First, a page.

She walked for many weeks, tired weak and hungry. Not once did a fellow traveler give Maleen a mouthful of bread or a kind word. Her years of captivity had wasted away her hair, her eyes were dark and haunted, her fingers had been worn down to tiny stubs, and her skin pale and hanging from her bones. She looked like ghoul haunting the road, and the people were afraid of her. Out of necessity she drank the water from the ditches along the road, and ate the stinging nettles that grew in the fields.

At last she arrived in the large city in which Hans lived. She came to the royal palace, and begged to speak with Hans, the prince. The guards laughed at her, and turned her away. She returned the next day begging to speak with Hans, and again she was turned away. She came a third day, and begged that they tell Hans that his love Maid Maleen was at the gate, and wished to speak with him. The guards mocked her once more, saying that Maid Maleen had died many years ago, and that Hans was engaged to be married in three months.

With a heavy heart, Maleen decided that her best course would be to find a position working in the castle. She believed that if Hans could but see her, that he would recognize her as his love. All of the staff turned her away save the cook; she was willing to taker her as a scullery maid. “She looks like a ghoul,” she said “but she has a strong spirit. So long as she can perform her duties I do not care what she looks like. Only I and the cooking staff will ever see her.”

Maleen was soon doing the dirty, hard work of the scullery maid. It was grueling, but she soon proved her worth, and was commended by the cook and other servants. Meanwhile the princess Hans was to marry had arrived in the palace, and had settled into one of the great rooms there. She had hidden herself inside her room, and did not allow anyone to see her. She refused to leave for parties, meals, or to even allow others inside her room. Because the princess was such a recluse, the cook had the various servants take meals to the princess in her room, so that the woman would not starve.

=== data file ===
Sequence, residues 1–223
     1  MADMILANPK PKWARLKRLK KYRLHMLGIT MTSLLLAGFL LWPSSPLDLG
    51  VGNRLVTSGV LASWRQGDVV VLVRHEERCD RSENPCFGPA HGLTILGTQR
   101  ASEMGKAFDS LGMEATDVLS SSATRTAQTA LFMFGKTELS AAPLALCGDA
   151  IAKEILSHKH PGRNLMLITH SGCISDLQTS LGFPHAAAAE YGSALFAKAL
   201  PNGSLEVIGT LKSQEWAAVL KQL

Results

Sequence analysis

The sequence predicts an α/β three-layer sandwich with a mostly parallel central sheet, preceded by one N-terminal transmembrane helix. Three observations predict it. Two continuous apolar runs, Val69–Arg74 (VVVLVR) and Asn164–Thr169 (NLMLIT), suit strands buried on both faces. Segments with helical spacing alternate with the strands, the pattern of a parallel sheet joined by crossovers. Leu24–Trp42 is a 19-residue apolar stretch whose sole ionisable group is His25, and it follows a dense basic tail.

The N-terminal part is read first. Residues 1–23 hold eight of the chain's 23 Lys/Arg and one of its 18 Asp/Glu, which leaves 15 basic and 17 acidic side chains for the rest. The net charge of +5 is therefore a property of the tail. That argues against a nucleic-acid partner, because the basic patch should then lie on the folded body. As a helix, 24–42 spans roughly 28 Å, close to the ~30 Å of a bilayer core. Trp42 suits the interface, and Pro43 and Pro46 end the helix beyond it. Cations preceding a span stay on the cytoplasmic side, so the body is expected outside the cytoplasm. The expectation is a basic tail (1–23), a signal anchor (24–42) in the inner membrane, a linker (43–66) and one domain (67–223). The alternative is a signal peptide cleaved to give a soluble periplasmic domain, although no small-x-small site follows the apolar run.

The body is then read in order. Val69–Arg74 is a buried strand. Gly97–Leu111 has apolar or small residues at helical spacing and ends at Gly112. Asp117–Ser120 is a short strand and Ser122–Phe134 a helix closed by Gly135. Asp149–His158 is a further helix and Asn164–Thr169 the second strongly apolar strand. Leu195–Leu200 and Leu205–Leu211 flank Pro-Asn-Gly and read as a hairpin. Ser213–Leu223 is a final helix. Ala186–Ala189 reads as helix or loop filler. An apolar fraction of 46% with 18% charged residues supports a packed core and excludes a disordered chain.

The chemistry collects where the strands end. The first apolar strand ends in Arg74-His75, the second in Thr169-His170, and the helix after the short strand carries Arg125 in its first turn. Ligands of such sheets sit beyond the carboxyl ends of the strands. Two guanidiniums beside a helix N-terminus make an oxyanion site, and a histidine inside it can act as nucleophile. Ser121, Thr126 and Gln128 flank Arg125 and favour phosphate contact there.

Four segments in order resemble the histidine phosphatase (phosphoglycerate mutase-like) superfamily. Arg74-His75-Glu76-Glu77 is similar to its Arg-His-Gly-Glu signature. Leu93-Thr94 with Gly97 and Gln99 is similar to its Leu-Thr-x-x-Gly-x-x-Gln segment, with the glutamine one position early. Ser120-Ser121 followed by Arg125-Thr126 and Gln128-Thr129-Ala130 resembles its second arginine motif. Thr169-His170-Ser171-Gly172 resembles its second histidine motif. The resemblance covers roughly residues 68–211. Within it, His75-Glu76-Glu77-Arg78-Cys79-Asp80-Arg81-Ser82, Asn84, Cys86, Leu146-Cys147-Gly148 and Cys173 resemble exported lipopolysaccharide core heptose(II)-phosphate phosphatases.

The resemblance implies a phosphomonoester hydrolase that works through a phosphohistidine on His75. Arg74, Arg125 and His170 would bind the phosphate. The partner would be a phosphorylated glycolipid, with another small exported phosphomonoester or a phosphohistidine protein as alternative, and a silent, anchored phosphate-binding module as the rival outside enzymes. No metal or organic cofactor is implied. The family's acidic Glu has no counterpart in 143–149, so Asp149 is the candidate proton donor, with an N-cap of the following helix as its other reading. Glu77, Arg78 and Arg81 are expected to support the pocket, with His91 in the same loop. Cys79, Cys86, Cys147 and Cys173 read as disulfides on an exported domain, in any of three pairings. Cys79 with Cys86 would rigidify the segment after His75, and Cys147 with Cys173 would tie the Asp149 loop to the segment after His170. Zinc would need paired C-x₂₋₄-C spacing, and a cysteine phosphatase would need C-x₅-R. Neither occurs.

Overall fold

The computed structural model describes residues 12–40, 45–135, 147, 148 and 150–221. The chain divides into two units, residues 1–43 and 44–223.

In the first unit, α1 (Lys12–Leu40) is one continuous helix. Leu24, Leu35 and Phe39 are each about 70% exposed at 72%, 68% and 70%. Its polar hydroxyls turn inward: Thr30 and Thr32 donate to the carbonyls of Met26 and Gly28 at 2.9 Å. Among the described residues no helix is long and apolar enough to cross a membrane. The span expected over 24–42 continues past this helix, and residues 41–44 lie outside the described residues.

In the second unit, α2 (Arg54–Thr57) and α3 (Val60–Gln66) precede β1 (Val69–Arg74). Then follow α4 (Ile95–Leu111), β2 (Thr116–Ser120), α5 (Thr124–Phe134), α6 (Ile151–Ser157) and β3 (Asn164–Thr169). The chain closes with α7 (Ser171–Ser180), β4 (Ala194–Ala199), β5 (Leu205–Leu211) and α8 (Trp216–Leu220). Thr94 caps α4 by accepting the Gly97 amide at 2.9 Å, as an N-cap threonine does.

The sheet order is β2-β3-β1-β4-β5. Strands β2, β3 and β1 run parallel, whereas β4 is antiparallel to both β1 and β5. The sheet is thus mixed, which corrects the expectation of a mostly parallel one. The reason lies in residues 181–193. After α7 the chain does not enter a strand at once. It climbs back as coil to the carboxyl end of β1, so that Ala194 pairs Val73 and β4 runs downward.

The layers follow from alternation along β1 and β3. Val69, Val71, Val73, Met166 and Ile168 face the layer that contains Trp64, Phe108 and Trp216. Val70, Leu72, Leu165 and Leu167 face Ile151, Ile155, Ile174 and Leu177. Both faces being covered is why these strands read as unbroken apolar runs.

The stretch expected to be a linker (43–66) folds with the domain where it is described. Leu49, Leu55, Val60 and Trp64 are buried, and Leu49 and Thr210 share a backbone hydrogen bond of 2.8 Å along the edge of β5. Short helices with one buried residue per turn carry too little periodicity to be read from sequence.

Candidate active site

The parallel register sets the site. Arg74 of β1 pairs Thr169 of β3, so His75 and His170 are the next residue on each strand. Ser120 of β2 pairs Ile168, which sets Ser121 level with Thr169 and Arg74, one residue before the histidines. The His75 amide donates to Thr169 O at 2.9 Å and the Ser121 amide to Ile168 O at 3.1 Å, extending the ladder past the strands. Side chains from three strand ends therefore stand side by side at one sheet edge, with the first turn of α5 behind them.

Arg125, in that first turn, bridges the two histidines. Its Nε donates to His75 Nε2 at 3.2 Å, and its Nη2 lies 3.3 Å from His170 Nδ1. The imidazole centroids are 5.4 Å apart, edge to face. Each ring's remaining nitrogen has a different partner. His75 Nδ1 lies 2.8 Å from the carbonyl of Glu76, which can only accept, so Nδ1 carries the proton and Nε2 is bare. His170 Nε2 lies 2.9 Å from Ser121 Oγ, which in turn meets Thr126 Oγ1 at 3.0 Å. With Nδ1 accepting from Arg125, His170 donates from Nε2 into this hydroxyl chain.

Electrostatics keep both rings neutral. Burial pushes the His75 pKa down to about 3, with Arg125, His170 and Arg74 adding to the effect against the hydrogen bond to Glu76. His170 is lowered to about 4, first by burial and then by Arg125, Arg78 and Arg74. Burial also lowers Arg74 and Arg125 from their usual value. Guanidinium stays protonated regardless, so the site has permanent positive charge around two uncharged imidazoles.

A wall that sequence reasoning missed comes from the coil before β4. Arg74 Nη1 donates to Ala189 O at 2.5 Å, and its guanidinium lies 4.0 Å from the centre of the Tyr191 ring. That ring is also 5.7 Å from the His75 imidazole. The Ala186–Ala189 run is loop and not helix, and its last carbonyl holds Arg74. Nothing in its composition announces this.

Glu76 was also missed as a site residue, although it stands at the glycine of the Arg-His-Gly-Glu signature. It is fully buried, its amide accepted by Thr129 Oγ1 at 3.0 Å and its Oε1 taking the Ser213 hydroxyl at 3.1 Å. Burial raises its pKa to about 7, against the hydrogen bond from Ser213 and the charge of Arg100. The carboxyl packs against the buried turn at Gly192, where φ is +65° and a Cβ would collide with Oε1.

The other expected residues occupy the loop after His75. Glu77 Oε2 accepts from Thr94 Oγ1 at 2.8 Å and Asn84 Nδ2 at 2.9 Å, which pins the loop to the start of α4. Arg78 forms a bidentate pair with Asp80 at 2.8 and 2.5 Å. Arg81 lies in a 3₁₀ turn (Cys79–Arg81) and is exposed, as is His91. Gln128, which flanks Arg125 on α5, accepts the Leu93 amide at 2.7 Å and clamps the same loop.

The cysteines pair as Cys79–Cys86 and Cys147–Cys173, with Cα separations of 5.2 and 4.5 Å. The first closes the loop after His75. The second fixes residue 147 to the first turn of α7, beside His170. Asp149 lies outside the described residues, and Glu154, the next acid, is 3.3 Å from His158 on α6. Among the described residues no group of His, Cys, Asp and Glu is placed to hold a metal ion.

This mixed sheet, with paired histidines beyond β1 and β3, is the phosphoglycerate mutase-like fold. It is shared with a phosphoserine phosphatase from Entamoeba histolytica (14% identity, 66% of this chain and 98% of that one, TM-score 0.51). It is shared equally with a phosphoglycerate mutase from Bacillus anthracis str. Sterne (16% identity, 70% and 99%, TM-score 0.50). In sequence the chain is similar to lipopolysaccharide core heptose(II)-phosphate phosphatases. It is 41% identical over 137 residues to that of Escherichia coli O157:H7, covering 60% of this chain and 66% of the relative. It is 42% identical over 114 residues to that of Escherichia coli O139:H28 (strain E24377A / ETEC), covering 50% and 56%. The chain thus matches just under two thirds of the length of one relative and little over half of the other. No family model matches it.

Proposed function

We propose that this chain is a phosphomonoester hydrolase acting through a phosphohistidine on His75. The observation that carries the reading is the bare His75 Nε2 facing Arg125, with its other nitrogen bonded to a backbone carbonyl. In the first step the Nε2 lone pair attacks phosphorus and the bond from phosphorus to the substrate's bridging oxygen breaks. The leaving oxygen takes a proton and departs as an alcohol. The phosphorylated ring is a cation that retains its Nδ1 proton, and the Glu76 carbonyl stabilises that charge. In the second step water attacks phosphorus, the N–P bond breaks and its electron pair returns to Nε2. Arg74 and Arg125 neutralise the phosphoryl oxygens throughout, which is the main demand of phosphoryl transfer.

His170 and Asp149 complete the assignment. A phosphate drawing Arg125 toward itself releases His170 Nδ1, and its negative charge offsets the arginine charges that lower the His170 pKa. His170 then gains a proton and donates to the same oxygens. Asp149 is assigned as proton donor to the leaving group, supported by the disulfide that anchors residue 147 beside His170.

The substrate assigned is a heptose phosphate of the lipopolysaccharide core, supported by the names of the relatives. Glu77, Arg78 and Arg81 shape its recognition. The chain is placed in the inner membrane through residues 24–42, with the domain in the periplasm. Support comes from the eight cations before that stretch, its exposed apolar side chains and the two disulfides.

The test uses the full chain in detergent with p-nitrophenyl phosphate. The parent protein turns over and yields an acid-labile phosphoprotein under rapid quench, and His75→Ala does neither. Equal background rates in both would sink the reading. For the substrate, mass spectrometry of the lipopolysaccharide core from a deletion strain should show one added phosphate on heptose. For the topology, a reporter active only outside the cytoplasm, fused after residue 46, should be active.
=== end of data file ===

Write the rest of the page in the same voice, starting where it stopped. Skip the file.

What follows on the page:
Over the next three months, Maleen began to heal from her many years locked in the tower. The food, fresh air, and company of others revived her. Her hair began to grow back, her skin was no longer gray, and light came back into her eyes. One day, she even remembered how to smile. She spent her days working hard; scrubbing the floors, worktables, and pots. She was occasionally tasked with taking the princess her food. Once, Maleen saw the woman peek at Maleen from behind the door.

The day of the wedding, Maleen brought the princess her breakfast early in the morning. As Maleen approached the princess’s door, Maleen was surprised to see that the princess was standing in the doorway, waiting for her. The princess was pale and thin, with large frightened eyes.

“Maleen,” said the princess, “I want you to go in my place to the church. I am afraid that the people here will mock me and laugh at me while I am outside. I beg you, go to the wedding in my place. If you wear a heavy veil, no one will ever know that you are not me.”

Begrudgingly, Maleen accepted. She wanted to see and spend time with Hans, even if for a short time. The princess then helped Maleen dress in the intricate bridal clothes and place her heavy veil over her head. Maleen then hid her poor broken hands within her skirts, so no one would be able to recognize her. As the princess retreated into her room, Maleen walked down the hallways into the throne room, where Hans was waiting for his bride.

All the members of the court strained to see the woman that their prince was to marry. No one, not even the king or queen or Hans himself, had ever seen her. They were disappointed that her face was hidden in her beautiful clothing. After Maleen arrived, the whole party began to walk through the city to the church.

When they had walked a little, Hans whispered to his bride “My dear, may I see your face? I would like to see the person who I will be spending the rest of my life.”
“Not now,” Maleen replied. “I wish to stay hidden until we are alone for our wedding night. I am afraid of the ridicule of your people, as I am a foreigner in this place.”